Use of cash falls 14% in five years

But physical money is still handed over for more than half of transactions

Use of cash has fallen by 14% over the past five years as consumers turn to debit cards and the internet to make payments instead.

According to the British Retail Consortium’s (BRC’s) Payments Survey 2013, debit cards were used to cover 50% of the value of UK retail sales in 2013, up 11% over the past five years. Debit cards now account for 32% of transactions by number, compared with 30% last year. But, at the same time, there has been a decline in the average debit card transaction value.

Nevertheless, cash still remains the dominant method of payment since 53% of transactions are still made in cash.

Meanwhile, customers are still spending the same amount on their credit cards, but for few items, suggesting more considered purchasing, the BRC said. During 2013, credit cards’ share in transaction volumes fell by 13% (from 11% to 9%). But the average transaction value was up by 12% on last year. This reverses a decline in average transaction values over the previous three years.

The average cost to a retailer to process a credit or charge card payment is now 40.9 pence, up 18.3% in the past five years. Credit and charge cards account for just 9% of transactions, but almost half (48.7%) of costs.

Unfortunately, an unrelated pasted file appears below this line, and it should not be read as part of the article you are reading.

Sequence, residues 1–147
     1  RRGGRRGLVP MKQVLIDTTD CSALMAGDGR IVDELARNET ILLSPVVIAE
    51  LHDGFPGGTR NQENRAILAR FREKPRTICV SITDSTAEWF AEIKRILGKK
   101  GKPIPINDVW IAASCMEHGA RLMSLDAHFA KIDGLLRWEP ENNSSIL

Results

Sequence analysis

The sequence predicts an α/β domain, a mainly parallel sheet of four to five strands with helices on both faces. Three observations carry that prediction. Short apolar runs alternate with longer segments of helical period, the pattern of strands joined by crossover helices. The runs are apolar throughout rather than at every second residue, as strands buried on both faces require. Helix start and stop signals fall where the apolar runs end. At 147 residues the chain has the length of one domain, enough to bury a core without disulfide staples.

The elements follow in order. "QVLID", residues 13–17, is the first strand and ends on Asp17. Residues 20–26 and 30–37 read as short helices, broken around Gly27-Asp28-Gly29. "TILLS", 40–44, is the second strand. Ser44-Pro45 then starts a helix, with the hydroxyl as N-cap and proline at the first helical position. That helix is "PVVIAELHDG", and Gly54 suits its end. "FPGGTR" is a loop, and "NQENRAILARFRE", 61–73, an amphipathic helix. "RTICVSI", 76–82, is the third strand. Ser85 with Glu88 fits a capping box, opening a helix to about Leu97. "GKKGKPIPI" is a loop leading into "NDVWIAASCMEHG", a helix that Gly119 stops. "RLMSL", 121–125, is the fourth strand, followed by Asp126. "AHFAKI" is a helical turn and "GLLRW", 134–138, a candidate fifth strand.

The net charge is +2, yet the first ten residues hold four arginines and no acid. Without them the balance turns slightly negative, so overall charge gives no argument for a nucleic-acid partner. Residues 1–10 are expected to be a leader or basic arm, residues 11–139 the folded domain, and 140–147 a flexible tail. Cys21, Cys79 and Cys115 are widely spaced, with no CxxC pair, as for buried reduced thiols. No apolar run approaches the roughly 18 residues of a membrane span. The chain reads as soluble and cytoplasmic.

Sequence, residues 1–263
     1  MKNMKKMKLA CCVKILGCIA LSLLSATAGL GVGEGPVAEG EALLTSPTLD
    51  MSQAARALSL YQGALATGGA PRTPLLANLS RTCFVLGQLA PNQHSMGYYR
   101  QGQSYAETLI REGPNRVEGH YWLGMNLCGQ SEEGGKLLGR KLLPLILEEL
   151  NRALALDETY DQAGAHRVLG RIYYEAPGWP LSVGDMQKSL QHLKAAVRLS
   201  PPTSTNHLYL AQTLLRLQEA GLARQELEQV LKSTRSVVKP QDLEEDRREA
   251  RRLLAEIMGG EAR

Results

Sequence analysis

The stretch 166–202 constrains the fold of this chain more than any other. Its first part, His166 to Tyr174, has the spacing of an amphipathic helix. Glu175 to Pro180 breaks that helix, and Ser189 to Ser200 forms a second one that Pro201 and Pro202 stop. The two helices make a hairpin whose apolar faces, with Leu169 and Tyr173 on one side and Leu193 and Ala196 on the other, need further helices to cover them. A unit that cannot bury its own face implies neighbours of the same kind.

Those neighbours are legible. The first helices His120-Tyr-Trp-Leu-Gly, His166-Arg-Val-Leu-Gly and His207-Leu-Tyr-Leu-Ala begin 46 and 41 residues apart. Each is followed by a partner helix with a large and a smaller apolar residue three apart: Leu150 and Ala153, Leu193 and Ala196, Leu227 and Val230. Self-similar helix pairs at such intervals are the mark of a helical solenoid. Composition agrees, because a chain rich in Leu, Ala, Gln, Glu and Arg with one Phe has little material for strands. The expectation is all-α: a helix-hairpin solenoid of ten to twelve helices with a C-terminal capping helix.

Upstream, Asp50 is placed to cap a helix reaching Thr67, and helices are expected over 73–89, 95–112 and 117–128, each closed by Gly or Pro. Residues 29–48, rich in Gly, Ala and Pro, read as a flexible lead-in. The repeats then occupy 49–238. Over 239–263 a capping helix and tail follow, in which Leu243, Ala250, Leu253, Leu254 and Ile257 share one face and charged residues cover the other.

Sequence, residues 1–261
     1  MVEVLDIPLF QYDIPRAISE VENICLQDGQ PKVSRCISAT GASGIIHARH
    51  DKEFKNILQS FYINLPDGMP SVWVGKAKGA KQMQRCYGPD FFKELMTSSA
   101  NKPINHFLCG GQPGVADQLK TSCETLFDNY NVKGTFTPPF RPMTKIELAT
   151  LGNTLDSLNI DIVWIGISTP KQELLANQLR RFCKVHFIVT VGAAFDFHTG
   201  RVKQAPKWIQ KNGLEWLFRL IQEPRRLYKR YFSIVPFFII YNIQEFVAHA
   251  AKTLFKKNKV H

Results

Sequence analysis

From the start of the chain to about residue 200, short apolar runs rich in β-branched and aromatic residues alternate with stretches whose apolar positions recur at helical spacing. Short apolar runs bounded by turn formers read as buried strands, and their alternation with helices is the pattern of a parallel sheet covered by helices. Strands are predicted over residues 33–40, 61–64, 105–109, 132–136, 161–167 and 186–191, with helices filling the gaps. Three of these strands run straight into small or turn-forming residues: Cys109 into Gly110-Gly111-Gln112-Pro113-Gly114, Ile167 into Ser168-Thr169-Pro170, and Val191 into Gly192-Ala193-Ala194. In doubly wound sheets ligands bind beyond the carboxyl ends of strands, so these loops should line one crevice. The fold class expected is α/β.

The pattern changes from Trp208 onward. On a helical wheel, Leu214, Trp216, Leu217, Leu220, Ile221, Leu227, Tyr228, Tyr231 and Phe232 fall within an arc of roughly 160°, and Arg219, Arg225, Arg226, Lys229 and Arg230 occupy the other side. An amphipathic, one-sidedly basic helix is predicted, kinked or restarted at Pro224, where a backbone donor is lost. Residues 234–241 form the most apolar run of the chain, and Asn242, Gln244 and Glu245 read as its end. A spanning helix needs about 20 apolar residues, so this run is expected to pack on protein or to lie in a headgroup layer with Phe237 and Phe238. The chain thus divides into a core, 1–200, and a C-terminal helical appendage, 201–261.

On the other hand, the cost of processing a cash payment is now 1.3 pence and this has decreased by 38% per cent in the past five years. Cash accounts for 53% of transactions, but 9% of costs. In comparison, debit cards account for 32% of transactions, but 37% of costs.

Commenting on the findings, Helen Dickinson, director general of the British Retail Consortium, said: “Cash use down 14% in the past five years is a milestone in the development of our digital economy. It shows that customers are embracing digital shopping, whether online or on the high street, and retailers are adapting and evolving to meet the demand with excellent services. However, it is important to note that cash still remains dominant in the overall number of transactions.”

She added: “It is really disappointing that the average cost of accepting both credit and debit cards has increased over five years, while cash costs have gone down.”

About the author

Sally Percy is editor of The Treasurer

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